AI News, Robot drummer posts pictures of jamming sessions on Facebook

Robot drummer posts pictures of jamming sessions on Facebook

The study, by researchers at Queen Mary University of London, looks at how humans interact with robots over time and in particular how social media can enhance that relationship.

The researchers contend that music can provide this engagement and developed a robotic drummer, called Mortimer, who is able to compose music responsively to human pianists in real-time.

To help trigger a sense of believability, the researchers extended Mortimer's capabilities to allow him to take pictures during sessions and post them with a supporting comment to Facebook while also tagging the keyboard player.

Lead author Louis McCallum, from Queen Mary's School of Electronic Engineering and Computer Science, said: 'We'd previously uncovered new and exciting findings that suggested open-ended creative activities could be a strong bedrock to build long-term human-robot relationships.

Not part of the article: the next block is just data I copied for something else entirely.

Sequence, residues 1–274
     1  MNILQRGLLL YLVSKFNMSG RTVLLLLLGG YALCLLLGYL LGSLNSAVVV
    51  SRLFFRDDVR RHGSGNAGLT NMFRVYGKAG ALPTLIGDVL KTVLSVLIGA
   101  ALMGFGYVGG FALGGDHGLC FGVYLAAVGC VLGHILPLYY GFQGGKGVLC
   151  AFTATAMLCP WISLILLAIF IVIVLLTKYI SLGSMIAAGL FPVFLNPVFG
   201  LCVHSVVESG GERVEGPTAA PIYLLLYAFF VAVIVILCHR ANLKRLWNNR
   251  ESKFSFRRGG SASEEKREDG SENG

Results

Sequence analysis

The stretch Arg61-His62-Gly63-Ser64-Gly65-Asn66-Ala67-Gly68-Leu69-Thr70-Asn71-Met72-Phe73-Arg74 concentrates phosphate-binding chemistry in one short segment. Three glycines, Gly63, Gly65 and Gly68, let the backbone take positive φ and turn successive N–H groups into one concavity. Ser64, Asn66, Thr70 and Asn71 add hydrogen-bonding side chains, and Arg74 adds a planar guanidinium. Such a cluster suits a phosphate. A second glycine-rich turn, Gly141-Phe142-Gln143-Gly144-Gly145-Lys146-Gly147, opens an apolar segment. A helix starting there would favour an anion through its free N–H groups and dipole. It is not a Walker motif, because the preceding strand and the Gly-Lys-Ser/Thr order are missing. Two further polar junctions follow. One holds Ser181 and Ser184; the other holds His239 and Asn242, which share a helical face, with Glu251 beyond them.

This particular research sought to examine whether the relationships that were initially developed face-to-face, but under lab conditions, could be extended to the more open, but virtual, realm of social media.'

Co-author of the study Professor Peter McOwan added: 'There are signs of high engagement, such as high self-reported repeat interaction, across all participants that strengthen previous results about the use of music as a good base for improving long-term human-robot relationships.

Drone TV Episode 1

Drone TV launches its first episode with host Patrick Egan and guests Maha Calderon and Gus Calderon of Civilian Drones - Search and Rescue.

Viktor Koen

Viktor Koen (MFA 1992 Illustration as Visual Essay), best known for combining hundreds of photographic source images to produce one-of-a-kind typography ...